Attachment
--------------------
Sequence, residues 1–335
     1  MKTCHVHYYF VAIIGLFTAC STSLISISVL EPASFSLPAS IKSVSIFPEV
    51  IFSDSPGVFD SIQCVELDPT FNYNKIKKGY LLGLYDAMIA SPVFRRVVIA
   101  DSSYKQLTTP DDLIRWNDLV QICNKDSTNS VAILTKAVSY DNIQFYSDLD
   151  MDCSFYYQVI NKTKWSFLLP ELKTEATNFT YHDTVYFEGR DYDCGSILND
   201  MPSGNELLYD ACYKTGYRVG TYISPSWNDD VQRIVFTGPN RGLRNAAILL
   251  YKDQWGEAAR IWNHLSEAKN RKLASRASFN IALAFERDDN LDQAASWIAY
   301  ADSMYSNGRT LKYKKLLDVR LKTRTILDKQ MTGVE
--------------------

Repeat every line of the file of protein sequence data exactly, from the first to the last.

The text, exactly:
Sequence, residues 1–335
     1  MKTCHVHYYF VAIIGLFTAC STSLISISVL EPASFSLPAS IKSVSIFPEV
    51  IFSDSPGVFD SIQCVELDPT FNYNKIKKGY LLGLYDAMIA SPVFRRVVIA
   101  DSSYKQLTTP DDLIRWNDLV QICNKDSTNS VAILTKAVSY DNIQFYSDLD
   151  MDCSFYYQVI NKTKWSFLLP ELKTEATNFT YHDTVYFEGR DYDCGSILND
   201  MPSGNELLYD ACYKTGYRVG TYISPSWNDD VQRIVFTGPN RGLRNAAILL
   251  YKDQWGEAAR IWNHLSEAKN RKLASRASFN IALAFERDDN LDQAASWIAY
   301  ADSMYSNGRT LKYKKLLDVR LKTRTILDKQ MTGVE